This curse is best used on boss fights or abnormally strong monsters, as it doesn?t transfer like Hex. Once you?ve cast Hexblade Curse, you must finish a short rest to use it again. When you curse a target (also as a bonus action), you add your proficiency bonus to damage rolls against that target. So, when you make your standard 5th-level attack, you would deal 4d10 plus 4d6 plus 20 plus 12 damage. Additionally, Hexblade Curse makes any 19 or 20 roll a critical hit. And, if your target dies, you can restore hit points equal to your warlock level plus your Charisma modifier.
Need A Little Darkness?
Still not enough? Are you having trouble actually hitting your targets with your casual concoction of damage? Look no further. If you?re at least a level 2 warlock, you get two Invocations. The first will always be Agonizing Blast, but the second, should you choose, is best used for Devil?s Sight. Devil?s Sight lets you see through all magical and nonmagical darkness.
Combine this with the Darkness spell, and you?re set. You can pick this up with a standard warlock or sorcerer spell slot, or, if you choose half-elf as your race (with the Drow variant), you can cast the spell for free once every long rest.
If you cast Darkness on your staff or other weapon, enemies that can?t see through magical darkness (including those with darkvision) can?t see you and, thus, have disadvantage on attack rolls made against you. Because you?re unseen, you get advantage on your attack rolls.
Your allies within spell range (those pretty much right next to you or near you) remain relatively unharmed by this spell effect. They get disadvantage for not being able to see through your darkness, but also advantage because your enemies can?t see them. These effects cancel each other out, so they can continue to fling arrows and healing spells with ease.
(Image courtesy of Wizards of the Coast.)
That?s Cool And All, But More Damage?
Okay, okay. There is one more option for optimizing your damage. Normally, only bard, cleric, and wizard characters can use this spell, but you can cast Bestow Curse if you choose the Sign of Ill Omen invocation. This would require you to sacrifice your Devil?s Sight invocation if you decide to go this route before you reach level 5 in warlock. However, if you decide to devote a few more levels to the pact class, you can take them all!
Bestow Curse primarily adds 1d8 to each damage roll made against a target, but it also has some other cool effects. You get to choose one ability score that the enemy has disadvantage on. The target also has disadvantage on attack rolls against you (but you already have that from Devil?s Sight and Darkness). The target must make a Wisdom saving throw each turn, and if it fails, it wastes its action. It?s a lot of nice stuff packed into one spell, but it doesn?t last as long as Hex, and it also requires a lot of finagling in order to get it working for you.
If you take Pact of the Chain (or use Pact of the Tome and the Book of Ancient Secrets invocation to learn the Find Familiar ritual), you can have your familiar cast Bestow Curse from melee range without putting yourself in danger. This isn?t necessary though, especially because it would potentially take up yet another invocation. But if you decide to sacrifice some of the other options above, this is still feasible.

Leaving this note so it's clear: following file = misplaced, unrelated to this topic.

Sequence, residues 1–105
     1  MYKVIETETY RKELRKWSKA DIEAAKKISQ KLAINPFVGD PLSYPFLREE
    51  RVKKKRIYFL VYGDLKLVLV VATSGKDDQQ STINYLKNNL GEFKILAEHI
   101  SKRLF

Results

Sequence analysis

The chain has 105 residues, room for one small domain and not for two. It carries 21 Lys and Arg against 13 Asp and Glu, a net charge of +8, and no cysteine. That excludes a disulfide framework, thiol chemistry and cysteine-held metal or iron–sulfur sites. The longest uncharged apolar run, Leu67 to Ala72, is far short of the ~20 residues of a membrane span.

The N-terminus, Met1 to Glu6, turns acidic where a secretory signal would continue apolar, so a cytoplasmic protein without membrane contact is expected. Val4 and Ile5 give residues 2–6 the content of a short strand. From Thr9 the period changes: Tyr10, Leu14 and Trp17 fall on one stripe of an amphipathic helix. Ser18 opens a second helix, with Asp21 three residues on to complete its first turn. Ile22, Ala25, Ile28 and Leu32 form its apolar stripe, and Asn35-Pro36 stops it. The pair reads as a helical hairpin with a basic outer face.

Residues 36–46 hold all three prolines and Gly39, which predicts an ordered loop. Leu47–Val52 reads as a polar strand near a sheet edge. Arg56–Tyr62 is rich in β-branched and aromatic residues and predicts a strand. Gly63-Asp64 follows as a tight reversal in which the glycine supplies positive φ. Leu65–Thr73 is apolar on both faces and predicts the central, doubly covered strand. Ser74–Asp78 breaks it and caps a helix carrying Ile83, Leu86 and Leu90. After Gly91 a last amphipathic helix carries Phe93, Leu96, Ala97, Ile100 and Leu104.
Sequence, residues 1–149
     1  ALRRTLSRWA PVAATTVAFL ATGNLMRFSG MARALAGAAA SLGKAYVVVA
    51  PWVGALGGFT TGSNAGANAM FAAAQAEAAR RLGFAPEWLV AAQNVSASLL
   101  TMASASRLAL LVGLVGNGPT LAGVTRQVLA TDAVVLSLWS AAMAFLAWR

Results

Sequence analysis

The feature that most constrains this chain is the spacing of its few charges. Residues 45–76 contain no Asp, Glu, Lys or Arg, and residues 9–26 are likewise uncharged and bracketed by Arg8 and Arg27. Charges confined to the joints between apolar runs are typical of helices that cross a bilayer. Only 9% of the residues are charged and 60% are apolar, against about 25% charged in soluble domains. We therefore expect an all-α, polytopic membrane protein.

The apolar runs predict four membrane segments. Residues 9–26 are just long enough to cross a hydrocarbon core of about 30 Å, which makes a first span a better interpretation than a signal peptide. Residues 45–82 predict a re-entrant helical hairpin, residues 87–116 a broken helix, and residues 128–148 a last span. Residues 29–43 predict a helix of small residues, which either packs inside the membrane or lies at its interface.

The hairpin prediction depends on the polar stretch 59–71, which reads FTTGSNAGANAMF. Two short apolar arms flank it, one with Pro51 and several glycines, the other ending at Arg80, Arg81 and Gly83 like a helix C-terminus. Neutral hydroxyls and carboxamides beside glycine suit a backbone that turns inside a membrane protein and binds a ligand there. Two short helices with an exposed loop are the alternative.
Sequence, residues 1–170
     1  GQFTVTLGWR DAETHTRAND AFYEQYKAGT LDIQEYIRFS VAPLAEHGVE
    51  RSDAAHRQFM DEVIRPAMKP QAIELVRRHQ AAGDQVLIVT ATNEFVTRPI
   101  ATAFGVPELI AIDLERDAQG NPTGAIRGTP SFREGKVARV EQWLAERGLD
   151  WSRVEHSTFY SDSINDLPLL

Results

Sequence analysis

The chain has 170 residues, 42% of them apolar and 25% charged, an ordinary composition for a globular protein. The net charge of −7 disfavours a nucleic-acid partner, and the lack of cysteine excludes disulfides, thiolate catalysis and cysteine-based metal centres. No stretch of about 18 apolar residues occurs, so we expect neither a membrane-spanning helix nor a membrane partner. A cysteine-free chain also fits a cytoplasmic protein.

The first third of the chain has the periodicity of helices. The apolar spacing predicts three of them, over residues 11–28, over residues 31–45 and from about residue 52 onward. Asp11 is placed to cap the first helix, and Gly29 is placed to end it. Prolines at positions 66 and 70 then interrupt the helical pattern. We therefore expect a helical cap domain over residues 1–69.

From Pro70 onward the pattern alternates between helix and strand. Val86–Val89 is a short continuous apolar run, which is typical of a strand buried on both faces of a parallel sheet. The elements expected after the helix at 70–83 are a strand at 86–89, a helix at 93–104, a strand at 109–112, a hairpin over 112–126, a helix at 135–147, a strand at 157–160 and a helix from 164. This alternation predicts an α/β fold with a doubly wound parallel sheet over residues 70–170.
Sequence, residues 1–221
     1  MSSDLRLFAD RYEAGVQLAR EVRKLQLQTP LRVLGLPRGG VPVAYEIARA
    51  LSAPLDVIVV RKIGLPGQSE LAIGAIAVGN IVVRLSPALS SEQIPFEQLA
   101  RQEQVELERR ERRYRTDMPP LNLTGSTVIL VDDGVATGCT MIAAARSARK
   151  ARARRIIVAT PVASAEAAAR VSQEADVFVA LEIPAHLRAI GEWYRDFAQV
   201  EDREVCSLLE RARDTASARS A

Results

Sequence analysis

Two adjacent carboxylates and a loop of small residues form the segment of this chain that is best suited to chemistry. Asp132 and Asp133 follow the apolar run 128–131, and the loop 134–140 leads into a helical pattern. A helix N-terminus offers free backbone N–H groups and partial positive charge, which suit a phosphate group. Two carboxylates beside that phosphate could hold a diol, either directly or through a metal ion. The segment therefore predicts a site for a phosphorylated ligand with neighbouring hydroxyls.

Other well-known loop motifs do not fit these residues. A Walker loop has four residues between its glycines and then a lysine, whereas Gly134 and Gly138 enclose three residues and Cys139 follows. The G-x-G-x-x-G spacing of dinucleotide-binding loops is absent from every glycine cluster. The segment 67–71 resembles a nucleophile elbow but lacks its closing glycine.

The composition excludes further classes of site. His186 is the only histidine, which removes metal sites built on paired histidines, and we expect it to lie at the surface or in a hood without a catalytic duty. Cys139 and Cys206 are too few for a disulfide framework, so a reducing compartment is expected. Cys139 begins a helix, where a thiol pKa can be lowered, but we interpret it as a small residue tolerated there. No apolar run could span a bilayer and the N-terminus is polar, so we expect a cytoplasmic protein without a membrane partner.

If you were to cast two EBs, one quickened, of course, and add your Hex, Hexblade Curse, and Bestow Curse damage, your 11th level damage would look something like this:
- 6d6 (Hex)
- 24 (Hexblade Curse: proficiency of +4 multiplied by 6)
- 30 (Agonizing Blast)
- 6d8 (Bestow Curse)
You could be dishing out 198 damage ? if the sorlock dice gods smile upon you, of course. Just kidding, we?re not clerics. Just believe in your own raw power.
(Image courtesy of Giphy.)
Need A Little Sorlock Variety?
Of course, every sorlock needs their own unique personality, so feel free to deviate from or add to anything above. I, for one, elected to not pursue the Hexblade patron. Instead, I went with the Archfey patron, as my sorlock is a half-elf whose elven half is descended from fey gods. The extra damage just didn?t seem that important to me, especially because I already wreck our enemies ? and I could only cast the Hexblade Curse once a day. What?s the fun in that?
I?ve also noticed that, while some proponents of the sorlock argue that Intelligence is a wasted skill, I really enjoy boosting my character?s Arcana and other knowledge. It seems to fit with his theme a bit more. He can talk his way out of anything with abominably high Persuasion and Deception, and he just seems to know enough about everything to get his way. Other players might spec into Constitution or Dexterity for the sake of livability (I?m currently sitting at a lovable AC of 12), but that?s just not how I envision my sorlock. He?s a glass cannon, and monsters target him first, which gives our group a good mission in fights: Let Soren kill things, then bring him back to life. It?s not always as fun to fall directly into line with these ?best of the best? builds.
Whatever you decide, happy minmaxing! If there?s a class you?d like me to minmax down the road, let me know in the comments!